Staff and funding cutbacks severely weakening the Australian Law Reform Commission were the tip of an iceberg, showing what had happened to most similar bodies, CLA has told a Senate inquiry. Tens of billions had been spent on police, security and surveillance for a decade, but entities supporting liberties, rights and freedoms had paid a heavy price.
Photo: Michael Phillis of CLA and inquiry chair, Senator Guy Barnett.
Australian Law Reform Commission inquiry:
Senate Legal and Constitutional Affairs Committee (References)
Inquiry into the Australian Law Reform Commission
Attendance at Parliament House hearing on 11 Feb 2011 by:
Bill Rowlings, Chief Executive Officer, Civil Liberties Australia (CLA)
Michael Phillis, CLA Member and lead author of submission
Thank you for opportunity.
The simple questions raised by this reference have resonance across a wide range of civil liberties and human rights areas.
Firstly, addressing just the core ALRC aspects:
Our submission points out that we strongly believe there’s a need for a body doing almost exactly what the ALRC has been doing, in a similar way, and in general utilising similar expertise.
Australia needs a quality generalist body able to research and analyse changing and newly-arising legal and legislative problems, and able to provide expert commentary as well as sound recommendations to guide the legislators.
CLA believes the parliament – and perhaps the government – also very much needs the ALRC: it is an excellent parking station for tough issues when the government of the day hasn’t got its legislative thinking straight (the sedition/treason clauses were a prime example in recent years).
We point out in our submission that statutory law reform can be mostly antagonistic to civil liberties. The past decade, since 11 September 2001 – or 9/11, as the shorthand goes – indicates how rapidly and rabidly laws can move to the right, with civil liberties and human rights getting short shrift.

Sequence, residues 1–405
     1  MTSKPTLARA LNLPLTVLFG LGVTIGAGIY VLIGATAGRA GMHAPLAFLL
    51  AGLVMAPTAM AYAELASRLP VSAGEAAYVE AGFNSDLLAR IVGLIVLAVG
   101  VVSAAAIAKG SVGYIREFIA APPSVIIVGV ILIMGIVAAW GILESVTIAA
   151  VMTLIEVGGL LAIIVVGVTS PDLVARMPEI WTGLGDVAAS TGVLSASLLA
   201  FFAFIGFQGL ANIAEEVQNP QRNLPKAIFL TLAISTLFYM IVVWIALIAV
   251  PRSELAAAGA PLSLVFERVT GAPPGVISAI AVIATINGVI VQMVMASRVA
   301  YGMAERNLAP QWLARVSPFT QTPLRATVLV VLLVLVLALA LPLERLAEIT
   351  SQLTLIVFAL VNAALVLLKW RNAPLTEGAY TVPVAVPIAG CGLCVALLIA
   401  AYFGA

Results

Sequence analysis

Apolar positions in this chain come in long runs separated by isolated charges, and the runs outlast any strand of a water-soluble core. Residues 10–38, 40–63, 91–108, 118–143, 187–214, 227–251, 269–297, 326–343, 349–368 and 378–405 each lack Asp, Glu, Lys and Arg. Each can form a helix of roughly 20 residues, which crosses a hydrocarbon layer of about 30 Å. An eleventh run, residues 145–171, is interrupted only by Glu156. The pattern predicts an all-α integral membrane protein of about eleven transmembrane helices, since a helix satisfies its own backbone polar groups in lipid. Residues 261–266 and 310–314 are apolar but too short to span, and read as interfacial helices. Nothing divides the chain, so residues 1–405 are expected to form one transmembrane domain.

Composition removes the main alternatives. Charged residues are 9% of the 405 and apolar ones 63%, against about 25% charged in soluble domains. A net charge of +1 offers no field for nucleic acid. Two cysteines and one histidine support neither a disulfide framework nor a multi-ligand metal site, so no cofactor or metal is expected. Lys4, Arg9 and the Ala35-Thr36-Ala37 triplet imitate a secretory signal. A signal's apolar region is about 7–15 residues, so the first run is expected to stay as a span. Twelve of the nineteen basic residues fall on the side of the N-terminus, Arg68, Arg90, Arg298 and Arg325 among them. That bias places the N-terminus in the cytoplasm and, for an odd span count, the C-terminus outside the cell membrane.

Personal freedoms and individual liberties have not been flavour of the month for more than 100 months, and counting…
Wider issues raised by the ALRC question…
That fact, and the situation with the ALRC, is wholly symptomatic of a steepening decline in the funds, resources and people allocated to those aspects of society which protect and nurture the liberties and rights of the nation. If you like, Australia’s ‘fair go’ levers haven’t had a fair go for 10 years.
For a decade since 9/11, billions upon billions of dollars has been spent on extra funding, resources and staffing for police, security, surveillance, intelligence and military activity. More than $50 billion over that period, who knows how much in total…military, police and spy equipment is very expensive, not to mention the ongoing, draining cost of more than doubling staffing numbers for the APF and the main security agencies.
Money was effectively sucked out of bodies like the ALRC, the Australian Human Rights Commission, and others…and from research with a freedom flavour. The name of the game was security: everyone with an eye for a quid jumped on the money wagon with ‘Terror’ painted on the side.
The ALRC’s own first submission shows in detail how this has occurred to the ALRC. It shows a dramatic decline in people resources, for example.
But the same is true generally, across many entities and structures for which the Australian Parliament is directly responsible.
We would ask that this inquiry recommends an injection of funds, resources and people to a beefed-up ALRC…
…we would suggest that what is also required is a subsequent Senate inquiry into how the legitimate needs of other civil liberties and human rights-oriented agencies have been allowed to wither over the past decade.
Finally, CLA observes in passing that many of the laws passed in understandable fear in late 2001 and 2002 will shortly be coming up for sunset period re-evaluation: we trust the ALRC will be asked to review the ongoing need for them.
CLA expects that many of the laws can be wound back, because the Parliament now can take a more measured view…but the real difficulty is that, once over-bearing, repressive law is on the books, it takes MPs of enormous courage to wind back the excesses.
That’s why bodies like the ALRC are so vital to the Australian society: they are, as CLA says, pillars of the protection of the people’s freedoms and liberties.
ALRC Inquiry website: